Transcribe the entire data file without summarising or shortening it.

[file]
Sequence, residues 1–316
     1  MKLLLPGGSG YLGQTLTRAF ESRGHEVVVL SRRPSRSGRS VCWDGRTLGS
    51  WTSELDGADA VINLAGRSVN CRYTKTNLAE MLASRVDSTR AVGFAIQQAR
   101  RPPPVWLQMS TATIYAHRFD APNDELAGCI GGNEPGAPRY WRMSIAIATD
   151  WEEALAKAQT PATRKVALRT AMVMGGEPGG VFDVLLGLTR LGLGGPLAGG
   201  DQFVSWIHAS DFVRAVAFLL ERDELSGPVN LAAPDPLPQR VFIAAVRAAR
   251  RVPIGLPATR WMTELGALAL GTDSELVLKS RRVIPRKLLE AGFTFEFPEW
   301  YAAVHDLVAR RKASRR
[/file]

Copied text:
Sequence, residues 1–316
     1  MKLLLPGGSG YLGQTLTRAF ESRGHEVVVL SRRPSRSGRS VCWDGRTLGS
    51  WTSELDGADA VINLAGRSVN CRYTKTNLAE MLASRVDSTR AVGFAIQQAR
   101  RPPPVWLQMS TATIYAHRFD APNDELAGCI GGNEPGAPRY WRMSIAIATD
   151  WEEALAKAQT PATRKVALRT AMVMGGEPGG VFDVLLGLTR LGLGGPLAGG
   201  DQFVSWIHAS DFVRAVAFLL ERDELSGPVN LAAPDPLPQR VFIAAVRAAR
   251  RVPIGLPATR WMTELGALAL GTDSELVLKS RRVIPRKLLE AGFTFEFPEW
   301  YAAVHDLVAR RKASRR